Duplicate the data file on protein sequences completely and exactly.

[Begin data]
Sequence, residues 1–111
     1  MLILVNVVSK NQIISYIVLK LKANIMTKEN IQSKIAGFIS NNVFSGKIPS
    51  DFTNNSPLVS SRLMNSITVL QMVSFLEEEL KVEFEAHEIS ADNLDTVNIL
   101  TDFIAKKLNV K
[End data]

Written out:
Sequence, residues 1–111
     1  MLILVNVVSK NQIISYIVLK LKANIMTKEN IQSKIAGFIS NNVFSGKIPS
    51  DFTNNSPLVS SRLMNSITVL QMVSFLEEEL KVEFEAHEIS ADNLDTVNIL
   101  TDFIAKKLNV K